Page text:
A minor amount of uranium has been mined from sandstone in South Park (see Uranium mining in Colorado ).

Transportation

U.S. Highway 285 in South Park Highway 285 in South Park, July 2016.jpg
U.S. Highway 285 in South Park

The valley is traversed by several highways, including U.S. Highway 285, which enters the valley from the eastern side over the Front Range at Kenosha Pass, providing a vehicle link to Denver. The highway crosses Red Hill at Red Hill Pass. On its northern side, the valley is connected by several high mountain passes to the valley of the North Fork of the South Platte River (a tributary of the South Platte). It is also connected by CO Route 9 via Hoosier Pass to the valley to the Blue River near Breckenridge. To the west, the extremely high Mosquito Pass crosses the Mosquito Range to Leadville. (Mosquito Pass is no longer a practical transportation route, but is now a historical and recreation site.) On its southwestern side, at the southern end of the Mosquito Range, it is connected by Trout Creek Pass to the upper valley of the Arkansas River near Buena Vista. U.S. Highway 24 enters South Park from the east at Wilkerson Pass, where the highway provides vehicle access to Colorado Springs. To the very south, CO Route 9 crosses Currant Creek Pass, which marks the southern edge of the South Park region.

History

Like much of the mountainous areas of Colorado, the valley was inhabited by Utes before the arrival of white settlers in the middle 19th century. However, from the 1850s onward, the area was increasingly encroached on by Southern Arapaho bands, who came to cherish it as an important buffalo range after witnessing the continued degradation of their typical hunting grounds on the plains and who repeatedly became entangled in skirmishes with the Utes over the territory. It was explored by John C. Fremont during his second expedition in 1844, at which time it was referred to as "Bayou Salade," a corruption of Spanish "Valle Salado," meaning salty valley. [2] In 1859 the discovery of placer gold in the streams of the valley during the Colorado Gold Rush led to an influx of prospectors and miners. The town of Fairplay was founded as a more law-abiding place to live than the older, nearby town of Tarryall during this time and continued to be a center of gold, and later silver mining up through the middle 20th century. South Park City, an open-air museum outside Fairplay, provides a historical recreation of the gold rush days. The basin was connected to Denver by railroad with the extension of the Denver, South Park and Pacific Railroad over Kenosha Pass in 1879.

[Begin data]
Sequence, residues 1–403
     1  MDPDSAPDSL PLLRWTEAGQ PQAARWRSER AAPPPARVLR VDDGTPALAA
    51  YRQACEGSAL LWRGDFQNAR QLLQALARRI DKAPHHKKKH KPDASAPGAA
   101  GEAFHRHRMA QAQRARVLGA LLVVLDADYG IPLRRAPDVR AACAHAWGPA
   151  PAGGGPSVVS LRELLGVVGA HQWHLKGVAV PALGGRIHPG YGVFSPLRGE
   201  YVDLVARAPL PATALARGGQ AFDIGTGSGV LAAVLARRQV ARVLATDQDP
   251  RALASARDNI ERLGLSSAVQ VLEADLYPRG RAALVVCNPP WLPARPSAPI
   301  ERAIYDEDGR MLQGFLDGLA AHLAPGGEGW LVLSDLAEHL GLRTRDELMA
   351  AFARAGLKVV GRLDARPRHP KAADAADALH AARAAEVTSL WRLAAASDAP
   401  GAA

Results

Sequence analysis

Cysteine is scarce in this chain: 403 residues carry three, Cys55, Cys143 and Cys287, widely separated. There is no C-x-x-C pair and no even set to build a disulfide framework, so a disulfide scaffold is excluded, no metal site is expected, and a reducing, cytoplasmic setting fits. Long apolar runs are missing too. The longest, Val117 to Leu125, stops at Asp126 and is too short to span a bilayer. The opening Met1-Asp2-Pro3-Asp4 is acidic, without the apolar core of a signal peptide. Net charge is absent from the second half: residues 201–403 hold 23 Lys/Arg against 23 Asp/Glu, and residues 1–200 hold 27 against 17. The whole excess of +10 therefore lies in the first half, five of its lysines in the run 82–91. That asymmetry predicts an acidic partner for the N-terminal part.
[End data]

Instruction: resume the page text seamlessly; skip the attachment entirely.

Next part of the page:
See also